Please remember that this is not a ladybug photo contest. As long as an image is good enough for us to identify the ladybug species pictured it can be an important part of our data base. Don't be discouraged if the largest image you can get in focus seems to small to identify. As long as your ladybug image is in focus we can usually enlarge it enough to make an identification. Below are 3 examples of pictures (already enlarged) that we were able to identify:


More Information and Activities

Discover Life Ladybug Page We are collaborating with the Discover Life organization. Check out our webpage for an online guide for identifying ladybugs plus an impressive collection of ladybug images and information.

Insect Conservation Biology In addition to being the course website for Insect Conservation Biology at Cornell the site also contains fact sheets on many rare and endangered species and links to other sources on insect biodiversity and conservation.

National Science Foundation Proposal We have applied to the National Science Foundation for funds to expand our efforts in education and scientific discovery. Read our preproposal summary for more information on the scope of our project.

Cool Bug Stuff a place to get free bug information, insect lore, and cool bug stuff including bug catchers, bug houses, magnifying lenses, and ladybug books and habitats

Sweepnet Safari Some excellent material from the University of Minnesota on how to run a "sweepnet safari" as a school or group activity (see activity 3 - others look interesting too!).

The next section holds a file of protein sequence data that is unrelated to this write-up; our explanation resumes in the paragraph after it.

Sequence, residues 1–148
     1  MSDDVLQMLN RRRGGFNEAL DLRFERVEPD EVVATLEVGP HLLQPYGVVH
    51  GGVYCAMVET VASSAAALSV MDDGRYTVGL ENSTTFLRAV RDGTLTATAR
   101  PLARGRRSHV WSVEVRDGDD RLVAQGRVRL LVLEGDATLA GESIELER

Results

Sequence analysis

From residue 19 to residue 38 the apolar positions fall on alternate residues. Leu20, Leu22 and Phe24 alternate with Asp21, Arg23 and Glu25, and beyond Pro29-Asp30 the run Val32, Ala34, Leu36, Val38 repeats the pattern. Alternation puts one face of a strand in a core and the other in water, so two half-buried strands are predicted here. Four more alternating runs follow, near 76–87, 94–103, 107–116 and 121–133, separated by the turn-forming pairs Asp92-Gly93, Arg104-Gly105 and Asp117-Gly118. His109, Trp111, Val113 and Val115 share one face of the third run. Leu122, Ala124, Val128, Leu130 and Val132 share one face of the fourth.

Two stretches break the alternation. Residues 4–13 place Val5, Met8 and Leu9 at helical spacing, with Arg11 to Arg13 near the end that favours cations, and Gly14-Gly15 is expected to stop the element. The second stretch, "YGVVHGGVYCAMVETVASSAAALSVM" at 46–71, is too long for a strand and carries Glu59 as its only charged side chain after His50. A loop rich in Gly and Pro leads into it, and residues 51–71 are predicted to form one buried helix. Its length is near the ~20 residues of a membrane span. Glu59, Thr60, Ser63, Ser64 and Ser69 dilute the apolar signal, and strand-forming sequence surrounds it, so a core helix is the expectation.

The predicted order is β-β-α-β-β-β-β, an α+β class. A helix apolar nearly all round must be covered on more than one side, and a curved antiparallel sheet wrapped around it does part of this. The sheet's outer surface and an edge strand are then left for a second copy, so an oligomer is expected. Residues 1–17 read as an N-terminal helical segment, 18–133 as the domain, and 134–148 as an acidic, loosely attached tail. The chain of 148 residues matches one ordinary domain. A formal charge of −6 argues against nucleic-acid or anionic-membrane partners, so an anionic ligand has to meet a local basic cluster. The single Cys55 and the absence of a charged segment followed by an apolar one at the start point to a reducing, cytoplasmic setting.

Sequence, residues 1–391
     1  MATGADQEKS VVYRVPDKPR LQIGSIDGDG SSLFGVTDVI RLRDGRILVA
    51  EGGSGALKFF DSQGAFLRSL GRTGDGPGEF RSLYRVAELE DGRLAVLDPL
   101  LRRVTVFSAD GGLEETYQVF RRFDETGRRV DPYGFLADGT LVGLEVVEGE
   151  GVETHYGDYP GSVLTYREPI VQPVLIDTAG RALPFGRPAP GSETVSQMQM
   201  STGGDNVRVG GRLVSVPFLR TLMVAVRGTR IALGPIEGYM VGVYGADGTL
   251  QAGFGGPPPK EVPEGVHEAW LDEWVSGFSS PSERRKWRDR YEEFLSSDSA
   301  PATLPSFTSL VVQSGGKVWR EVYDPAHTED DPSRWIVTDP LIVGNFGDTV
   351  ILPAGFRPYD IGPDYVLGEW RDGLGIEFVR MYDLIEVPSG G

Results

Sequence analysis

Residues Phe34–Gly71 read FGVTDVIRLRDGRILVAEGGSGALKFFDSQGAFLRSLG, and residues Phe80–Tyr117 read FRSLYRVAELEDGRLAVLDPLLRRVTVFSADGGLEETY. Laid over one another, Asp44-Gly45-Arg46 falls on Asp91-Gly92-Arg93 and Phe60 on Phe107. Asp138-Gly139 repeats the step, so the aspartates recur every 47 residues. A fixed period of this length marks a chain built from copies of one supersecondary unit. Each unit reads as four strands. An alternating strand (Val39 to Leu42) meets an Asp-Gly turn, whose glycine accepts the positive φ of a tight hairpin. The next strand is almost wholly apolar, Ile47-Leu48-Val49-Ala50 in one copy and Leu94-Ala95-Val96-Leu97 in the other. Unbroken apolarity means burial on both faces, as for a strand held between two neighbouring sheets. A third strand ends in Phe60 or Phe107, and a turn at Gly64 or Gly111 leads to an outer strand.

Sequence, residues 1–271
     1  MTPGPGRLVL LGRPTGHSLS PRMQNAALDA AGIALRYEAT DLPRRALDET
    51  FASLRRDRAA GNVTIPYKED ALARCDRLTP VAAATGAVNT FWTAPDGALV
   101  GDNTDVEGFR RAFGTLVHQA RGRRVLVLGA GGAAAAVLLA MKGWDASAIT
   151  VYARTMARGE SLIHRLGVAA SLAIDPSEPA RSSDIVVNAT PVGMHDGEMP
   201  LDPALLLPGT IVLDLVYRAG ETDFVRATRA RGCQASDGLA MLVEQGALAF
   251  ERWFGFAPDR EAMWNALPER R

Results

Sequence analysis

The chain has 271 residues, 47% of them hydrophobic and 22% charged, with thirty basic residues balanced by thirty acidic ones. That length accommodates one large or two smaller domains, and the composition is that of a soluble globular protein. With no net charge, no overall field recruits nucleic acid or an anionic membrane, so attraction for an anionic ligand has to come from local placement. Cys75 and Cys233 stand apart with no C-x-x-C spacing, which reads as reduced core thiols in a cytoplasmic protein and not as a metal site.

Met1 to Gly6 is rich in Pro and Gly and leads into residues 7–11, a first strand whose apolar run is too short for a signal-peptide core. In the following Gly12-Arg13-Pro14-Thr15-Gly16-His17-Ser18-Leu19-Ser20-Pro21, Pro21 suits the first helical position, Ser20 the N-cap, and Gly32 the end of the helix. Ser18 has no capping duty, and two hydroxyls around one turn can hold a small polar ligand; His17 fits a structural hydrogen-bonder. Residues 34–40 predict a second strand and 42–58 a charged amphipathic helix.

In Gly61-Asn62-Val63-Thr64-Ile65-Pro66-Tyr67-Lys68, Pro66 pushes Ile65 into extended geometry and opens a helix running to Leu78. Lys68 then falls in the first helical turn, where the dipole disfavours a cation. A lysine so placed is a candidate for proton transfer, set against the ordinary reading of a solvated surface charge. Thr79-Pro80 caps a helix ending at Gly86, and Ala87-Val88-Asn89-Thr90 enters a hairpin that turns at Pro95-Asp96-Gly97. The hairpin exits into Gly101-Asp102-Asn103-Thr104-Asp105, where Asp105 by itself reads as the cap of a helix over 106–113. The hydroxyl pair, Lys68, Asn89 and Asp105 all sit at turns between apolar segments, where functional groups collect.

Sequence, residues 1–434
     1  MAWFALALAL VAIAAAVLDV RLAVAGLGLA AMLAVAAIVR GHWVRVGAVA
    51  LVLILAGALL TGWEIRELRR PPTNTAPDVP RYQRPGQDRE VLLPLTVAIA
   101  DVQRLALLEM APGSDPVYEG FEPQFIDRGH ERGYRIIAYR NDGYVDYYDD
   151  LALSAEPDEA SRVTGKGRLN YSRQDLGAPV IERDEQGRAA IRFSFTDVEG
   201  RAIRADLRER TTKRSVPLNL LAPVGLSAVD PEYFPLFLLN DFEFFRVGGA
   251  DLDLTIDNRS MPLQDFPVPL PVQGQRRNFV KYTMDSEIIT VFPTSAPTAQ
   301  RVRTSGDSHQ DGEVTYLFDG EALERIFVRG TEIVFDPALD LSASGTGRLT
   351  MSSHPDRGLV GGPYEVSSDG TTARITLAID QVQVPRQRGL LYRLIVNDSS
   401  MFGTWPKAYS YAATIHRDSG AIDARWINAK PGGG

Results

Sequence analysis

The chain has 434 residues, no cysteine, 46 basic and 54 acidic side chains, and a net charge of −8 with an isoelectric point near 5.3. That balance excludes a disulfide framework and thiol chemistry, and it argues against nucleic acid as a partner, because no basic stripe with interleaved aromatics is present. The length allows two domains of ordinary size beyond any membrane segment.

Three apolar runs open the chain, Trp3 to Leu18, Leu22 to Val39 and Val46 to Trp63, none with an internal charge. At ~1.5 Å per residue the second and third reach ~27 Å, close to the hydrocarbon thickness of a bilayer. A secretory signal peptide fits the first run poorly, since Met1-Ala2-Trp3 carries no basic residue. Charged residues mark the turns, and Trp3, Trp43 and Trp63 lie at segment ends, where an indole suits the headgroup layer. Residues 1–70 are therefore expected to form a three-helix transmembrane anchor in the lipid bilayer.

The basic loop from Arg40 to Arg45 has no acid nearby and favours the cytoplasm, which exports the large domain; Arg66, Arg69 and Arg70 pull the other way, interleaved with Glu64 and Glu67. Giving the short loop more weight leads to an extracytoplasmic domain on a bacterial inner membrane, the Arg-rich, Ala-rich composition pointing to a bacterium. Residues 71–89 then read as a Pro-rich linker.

Entomology projects The home page for the New York State entomology program has materials for several great entomology projects.

Xerces Society Interested in joining the effort to save insects and other invertebrates? Please contact (and join!) the Xerces Society.

Draw your own ladybug A high-quality black and white outline of a ladybug that you can color in to match your favorite ladybug.

Ladybug matching game Test your skills by matching five color ladybug images to their common names

Free online kid-friendly ladybug games:

Save the roses! This exciting and realistic game allows you to be a ladybug and save a rose plant by eating the aphids that are attacking it.

Ladybug Pacman This game is an ingenious variation on the old favorite "pacman" where you get to be a ladybug and try to consume the aphids you need to survive before other predators consume you!



Not a game - just a traffic counter

But they are nine-spotted ladybugs!